* Libyan offshore and refining projects have Swiss links
* Unclear how embargo on Switzerland will be applied
By Laura MacInnis
GENEVA, April 15 (Reuters) - Libya’s embargo on Switzerland could end up shuttering its own major offshore and refining projects involving companies that have relocated to the Alpine state for tax reasons, analysts said on Thursday.
It is likely that Libyan authorities did not realise their energy project partners such as Transocean Ltd (RIG.N), Noble Corp (NE.N) and Foster WheelerFWLT.O were now based in Switzerland and would be caught up in the trade ban announced last month, said Samuel Csizuk of IHS Global Insight.
“There are high-profile and important projects on the line here. I don’t think they realised that when they called the embargo,” he said. “They probably thought that their interests were divested from Switzerland and that by calling an embargo their interests wouldn’t suffer.”
Libyan leader Muammar Gaddafi called for jihad, or armed struggle, against Switzerland and last month slapped on a trade embargo in an escalation of a dispute over the 2008 arrest of one of his sons in Geneva over charges that were later dropped. [ID:nN03110732]
Transocean, which moved to Switzerland from the Cayman Islands and will list on the Swiss stock exchange this month [ID:nLDE63B04S], said on Tuesday that Libya’s trade ban could prevent Russia’s Gazprom (GAZP.MM) from deploying a Transocean rig to drill in Libyan waters. [ID:nN13104853]
Gazprom declared a “force majeure” in an April 6 notice about the Transocean rig, which was due to start an 11-month contract for Gazprom at a rate of $495,000 per day in July.
“We have rejected the notice on the basis that the claim is premature and the embargo should not apply to our operations in Libya,” Transocean said in a statement. “We are currently evaluating the situation and our rights under the contract.”
Other Swiss newcomers including Noble, which had also been based in the Caymans, and formerly Bermuda-domiciled Foster Wheeler are now trying to determine their exposure to the Libyan-Swiss dispute. Tripoli has not said how the Libyan energy projects would be affected.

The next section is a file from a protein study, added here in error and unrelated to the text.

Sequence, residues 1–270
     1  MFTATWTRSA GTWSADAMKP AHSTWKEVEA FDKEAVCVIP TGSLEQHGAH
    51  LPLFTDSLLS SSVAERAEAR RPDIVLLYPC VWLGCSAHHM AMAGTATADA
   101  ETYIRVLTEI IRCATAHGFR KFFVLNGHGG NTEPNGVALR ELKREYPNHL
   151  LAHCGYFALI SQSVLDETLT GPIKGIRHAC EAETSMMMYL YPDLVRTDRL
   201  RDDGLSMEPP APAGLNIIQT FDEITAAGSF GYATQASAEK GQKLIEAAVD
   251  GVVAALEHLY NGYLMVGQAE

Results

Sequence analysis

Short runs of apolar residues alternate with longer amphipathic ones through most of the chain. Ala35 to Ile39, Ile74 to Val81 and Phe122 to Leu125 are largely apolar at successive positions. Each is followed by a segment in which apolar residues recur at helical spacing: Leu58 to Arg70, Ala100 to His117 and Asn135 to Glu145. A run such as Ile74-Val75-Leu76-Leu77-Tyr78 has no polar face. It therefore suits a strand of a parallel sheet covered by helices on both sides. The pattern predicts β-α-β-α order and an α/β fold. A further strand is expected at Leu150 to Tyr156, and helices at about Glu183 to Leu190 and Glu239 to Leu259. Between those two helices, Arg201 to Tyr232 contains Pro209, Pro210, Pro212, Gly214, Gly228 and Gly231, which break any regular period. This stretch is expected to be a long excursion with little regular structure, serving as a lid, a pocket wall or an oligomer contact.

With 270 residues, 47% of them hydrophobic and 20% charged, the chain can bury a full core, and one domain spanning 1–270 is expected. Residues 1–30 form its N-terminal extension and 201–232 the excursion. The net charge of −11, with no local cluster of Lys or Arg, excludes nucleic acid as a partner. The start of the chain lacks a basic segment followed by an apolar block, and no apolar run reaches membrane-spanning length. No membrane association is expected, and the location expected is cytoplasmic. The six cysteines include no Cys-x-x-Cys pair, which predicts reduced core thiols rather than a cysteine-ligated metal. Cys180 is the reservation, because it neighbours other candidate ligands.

Foster Wheeler, an engineering and contracting group, does not own assets in Libya but is looking into whether any of its design projects could be affected by the Swiss-Libyan tiff.
“As far as any impact on us, we are taking a look at it,” said spokesman Scott Lamb. The offshore drilling company Noble is keeping close watch, according to spokesman John Read. “As to any specific impact on us, I’m not aware of any,” he said.
Switzerland has worked hard to transform itself into an energy and commodities centre, offering very low tax rates to companies and trading houses relocating to the small country which prides itself on discretion.
“I just think the people around Gaddafi himself didn’t reflect on this trend of companies relocating to Switzerland,” Ciszuk said, stressing the trade embargo was unlikely to serve as a disincentive to companies considering a Swiss address.
“It just shows how problematic doing business in Libya is and how easy it is to get on the wrong side of the regime,” he said. “It shows the political risk of doing business in Libya and not the risk of doing business in Switzerland.” (Editing by James Jukwey)